The Design Way

Book Review, Salvatore Cucchiara
2014   unpublished
Intentional Change in an Unpredictable World (second edition) The premise of The Design Way is that in today's rapidly changing world, current intellectual traditions are becoming increasingly inadequate-if still important-approaches to managing human affairs. For example, hard and soft sciences can help us understand how the world works, but generally offer little guidance on intentionally changing it. To address this shortcoming, the authors advance design as a distinct tradition that finds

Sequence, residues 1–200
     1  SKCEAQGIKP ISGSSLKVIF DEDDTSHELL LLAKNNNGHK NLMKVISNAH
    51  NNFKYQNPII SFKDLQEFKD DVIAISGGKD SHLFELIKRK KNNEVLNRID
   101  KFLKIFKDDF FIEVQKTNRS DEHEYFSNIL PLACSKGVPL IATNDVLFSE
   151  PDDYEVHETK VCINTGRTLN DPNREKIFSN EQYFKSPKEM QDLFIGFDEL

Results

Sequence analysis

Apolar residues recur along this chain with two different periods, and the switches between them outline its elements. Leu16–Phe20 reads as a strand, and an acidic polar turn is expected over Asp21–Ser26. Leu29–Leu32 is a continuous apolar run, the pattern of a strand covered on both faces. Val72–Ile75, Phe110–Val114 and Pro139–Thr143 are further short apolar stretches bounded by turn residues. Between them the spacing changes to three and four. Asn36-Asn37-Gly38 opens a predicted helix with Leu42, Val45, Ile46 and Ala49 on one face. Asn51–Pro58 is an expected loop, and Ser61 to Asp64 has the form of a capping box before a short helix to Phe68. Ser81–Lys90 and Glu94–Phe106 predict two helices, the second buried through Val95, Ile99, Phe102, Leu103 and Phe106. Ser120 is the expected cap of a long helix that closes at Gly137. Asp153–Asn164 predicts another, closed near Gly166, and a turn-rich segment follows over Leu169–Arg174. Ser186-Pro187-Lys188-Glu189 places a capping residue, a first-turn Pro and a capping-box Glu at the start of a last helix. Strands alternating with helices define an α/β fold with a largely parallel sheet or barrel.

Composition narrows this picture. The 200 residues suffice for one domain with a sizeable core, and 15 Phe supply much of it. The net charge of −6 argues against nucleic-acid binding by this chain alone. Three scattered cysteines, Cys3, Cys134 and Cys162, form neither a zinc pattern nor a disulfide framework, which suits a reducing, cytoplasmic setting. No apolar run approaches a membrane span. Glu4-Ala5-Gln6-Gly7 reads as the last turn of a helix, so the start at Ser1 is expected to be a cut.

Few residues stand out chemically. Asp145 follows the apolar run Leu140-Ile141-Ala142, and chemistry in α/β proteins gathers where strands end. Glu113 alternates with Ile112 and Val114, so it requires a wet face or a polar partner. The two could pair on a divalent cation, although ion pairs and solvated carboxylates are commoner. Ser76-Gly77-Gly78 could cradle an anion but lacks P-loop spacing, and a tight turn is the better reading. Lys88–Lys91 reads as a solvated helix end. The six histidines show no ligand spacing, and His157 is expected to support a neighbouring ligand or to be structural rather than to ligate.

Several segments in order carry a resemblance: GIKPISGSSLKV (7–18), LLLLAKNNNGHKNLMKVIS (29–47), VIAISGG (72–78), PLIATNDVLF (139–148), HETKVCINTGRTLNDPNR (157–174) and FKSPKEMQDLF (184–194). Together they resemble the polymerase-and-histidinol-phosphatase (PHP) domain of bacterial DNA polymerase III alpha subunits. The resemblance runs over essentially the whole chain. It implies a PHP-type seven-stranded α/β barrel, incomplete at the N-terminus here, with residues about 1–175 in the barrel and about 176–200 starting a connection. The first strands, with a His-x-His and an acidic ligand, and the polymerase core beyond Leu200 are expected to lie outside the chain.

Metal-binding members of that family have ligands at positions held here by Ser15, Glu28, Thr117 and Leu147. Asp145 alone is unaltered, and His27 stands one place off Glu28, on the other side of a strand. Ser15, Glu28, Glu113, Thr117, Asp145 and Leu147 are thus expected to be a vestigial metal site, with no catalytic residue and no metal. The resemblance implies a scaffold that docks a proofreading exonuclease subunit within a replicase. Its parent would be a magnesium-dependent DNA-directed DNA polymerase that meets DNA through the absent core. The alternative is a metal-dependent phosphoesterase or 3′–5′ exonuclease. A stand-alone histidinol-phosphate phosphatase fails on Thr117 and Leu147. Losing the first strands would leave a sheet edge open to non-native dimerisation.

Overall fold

more » ... dition that finds its key feature in making a novel idea concrete. Accordingly, the main purpose of the book is to formulate a "philosophy" of design as a unique approach, on par with other approaches such as science and the arts. It is important to note that the authors do not see this philosophy just as an intellectual exercise. Rather, the value of this philosophy is in encouraging designers and others to participate in the creation of a design culture-a "crucible" that can nurture and protect both the activity of design and those involved in it. The Design Way consists of five sections. In the first section, the authors argue that design is a "natural and ancient human ability" that the rise of analytic and reductive modes of thinking has relegated to the margins. Unlike other intellectual traditions, which generally situate themselves in the realm of abstract thinking, design integrates abstraction with productive action. Fittingly, Nelson and Stolterman identify Hephaestus, master blacksmith of the Greek gods, as the archetypical designer. The second section of the book explores the foundations of design, that is, its most important principles. For example-the authors argue-design centres on creating something real (an "ultimate particular") on the basis of an ideal image and within the material constraints of the world. Design is also predicated on a service relationship, whereby one party provides an ultimate particular to another party. As a form of inquiry, design is systemic insofar as it involves multiple inputs and requires an understanding of the complex Harold G. Nelson and Erik Stolterman. (2014). The Design Way: Intentional Change in an Unpredictable World (second edition). Cambridge MA: The MIT Press Salvatore Cucchiara Book Review: The Design Way: Intentional Change in an Unpredictable World (second edition) www.